iOS SDK version 1.14.0,
Android SDK version 1.13.2,
Point Access UI
version 1.11.0 released.
Frequently Asked Technical Questions
A minimum, functional data set requires Zones, Fences (or Beacons) and Actions to be created. These are sent to the device as part of a data collection once the device is authenticated, hence an absence of these rules causes no data response.
Once an Action is triggered for a Zone, it is suppressed until the Minimum Re-trigger Time (MRT) that has been configured for the Zone has expired. The MRT is to prohibit continuous triggering while the device remains within a Fence.
In order to trigger an Action, it is necessary to be within a configured Fence, fulfilling any conditions associated with the action. If an action was triggered earlier, it won’t re-trigger until you check out of the Fence (if check-out has been enabled for the Zone that the Fence resides in) and the minimum re-trigger time (MRT) has expired.
There are no Zone triggering limitations on an app using the Bluedot SDK while it is running in the background on either Android or iOS.
The Android and iOS operating systems handle background processing slightly differently:
- In Android, actions triggered in the background have the same response as running in the foreground.
- In iOS, the message and URL actions are posted as local notifications when they are triggered while your app is in the background.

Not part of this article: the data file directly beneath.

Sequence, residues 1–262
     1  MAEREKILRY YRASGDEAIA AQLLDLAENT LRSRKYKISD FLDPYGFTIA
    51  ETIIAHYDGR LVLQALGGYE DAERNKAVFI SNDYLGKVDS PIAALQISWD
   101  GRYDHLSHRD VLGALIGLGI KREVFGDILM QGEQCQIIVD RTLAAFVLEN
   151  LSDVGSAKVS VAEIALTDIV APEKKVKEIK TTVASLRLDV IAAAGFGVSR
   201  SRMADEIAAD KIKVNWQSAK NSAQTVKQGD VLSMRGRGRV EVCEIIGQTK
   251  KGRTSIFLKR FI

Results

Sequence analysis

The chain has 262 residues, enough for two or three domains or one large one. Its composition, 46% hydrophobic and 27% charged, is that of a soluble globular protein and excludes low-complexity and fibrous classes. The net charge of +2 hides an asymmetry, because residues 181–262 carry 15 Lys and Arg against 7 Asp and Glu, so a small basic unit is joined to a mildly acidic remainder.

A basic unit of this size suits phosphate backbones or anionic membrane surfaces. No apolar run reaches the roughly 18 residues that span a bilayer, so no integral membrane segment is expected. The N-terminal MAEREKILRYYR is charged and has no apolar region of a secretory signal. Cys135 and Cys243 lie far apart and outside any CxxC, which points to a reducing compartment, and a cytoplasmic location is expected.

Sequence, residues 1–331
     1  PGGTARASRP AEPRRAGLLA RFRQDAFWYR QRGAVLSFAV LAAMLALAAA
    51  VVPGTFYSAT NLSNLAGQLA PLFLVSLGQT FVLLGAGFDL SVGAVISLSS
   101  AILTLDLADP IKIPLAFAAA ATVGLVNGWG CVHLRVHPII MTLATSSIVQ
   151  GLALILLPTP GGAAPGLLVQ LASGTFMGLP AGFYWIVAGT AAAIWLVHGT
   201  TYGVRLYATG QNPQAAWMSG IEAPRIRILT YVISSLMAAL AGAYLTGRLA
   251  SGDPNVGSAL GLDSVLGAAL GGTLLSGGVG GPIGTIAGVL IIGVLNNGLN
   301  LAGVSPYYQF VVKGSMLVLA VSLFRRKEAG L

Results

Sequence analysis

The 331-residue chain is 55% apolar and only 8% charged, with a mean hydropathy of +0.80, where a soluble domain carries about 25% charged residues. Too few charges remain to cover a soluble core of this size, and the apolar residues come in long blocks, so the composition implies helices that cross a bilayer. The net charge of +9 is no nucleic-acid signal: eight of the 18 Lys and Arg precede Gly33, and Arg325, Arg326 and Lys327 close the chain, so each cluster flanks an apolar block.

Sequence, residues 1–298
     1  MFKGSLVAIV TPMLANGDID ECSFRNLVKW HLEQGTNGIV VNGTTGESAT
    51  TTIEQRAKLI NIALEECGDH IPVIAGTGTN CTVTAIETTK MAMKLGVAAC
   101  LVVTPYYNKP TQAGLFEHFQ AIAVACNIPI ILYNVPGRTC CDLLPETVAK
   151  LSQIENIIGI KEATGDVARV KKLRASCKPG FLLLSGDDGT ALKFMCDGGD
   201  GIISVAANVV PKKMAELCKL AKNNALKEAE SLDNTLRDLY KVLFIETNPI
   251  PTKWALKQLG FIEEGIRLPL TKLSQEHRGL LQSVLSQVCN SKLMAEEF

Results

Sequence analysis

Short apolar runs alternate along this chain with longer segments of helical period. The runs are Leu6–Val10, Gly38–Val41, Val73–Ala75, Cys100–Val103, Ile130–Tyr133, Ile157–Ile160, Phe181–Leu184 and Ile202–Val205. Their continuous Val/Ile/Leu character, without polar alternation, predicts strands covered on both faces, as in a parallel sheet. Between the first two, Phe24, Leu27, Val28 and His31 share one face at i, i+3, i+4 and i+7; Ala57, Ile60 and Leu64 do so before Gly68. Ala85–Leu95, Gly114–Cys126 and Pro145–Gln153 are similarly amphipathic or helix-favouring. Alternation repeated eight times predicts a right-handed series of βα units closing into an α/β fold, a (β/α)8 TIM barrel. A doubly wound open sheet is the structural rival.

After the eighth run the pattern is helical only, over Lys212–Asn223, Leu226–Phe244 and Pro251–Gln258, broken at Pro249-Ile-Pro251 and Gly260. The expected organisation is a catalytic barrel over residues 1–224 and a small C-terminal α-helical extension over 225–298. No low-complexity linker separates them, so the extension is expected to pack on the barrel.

- On selecting the local notification for a URL, your app will be returned to the foreground and the user will be redirected to the configured URL in the device’s default browser.
- On selecting the local notification for a message, your app will be returned to the foreground.
All of the provided actions that can be configured for a Zone are executed immediately upon the triggering of a Fence or Beacon. Should your app require additional functionality, like queuing message notifications while the app is in the background, the callback from a Custom Action can be utilized. These are methods that are called from the Bluedot SDK to your app with information such as the name of the Zone and the Fence, exact location the device triggered the action, a unique install reference for the app install. For a full list of fields, please consult our documentation here: iOS Features – Fence triggering and here: Android Features – Fence triggering.
It is not recommended to send complex JSON data within a Message Action; it is recommended to use a Custom Action to provide your app with the trigger information and perform any post processing thereafter.
The Bluedot SDK will not work if the user turns off Location Services on the device. Should the Location Services for a device not be available, your application will receive a callback requesting user intervention to resolve the issue.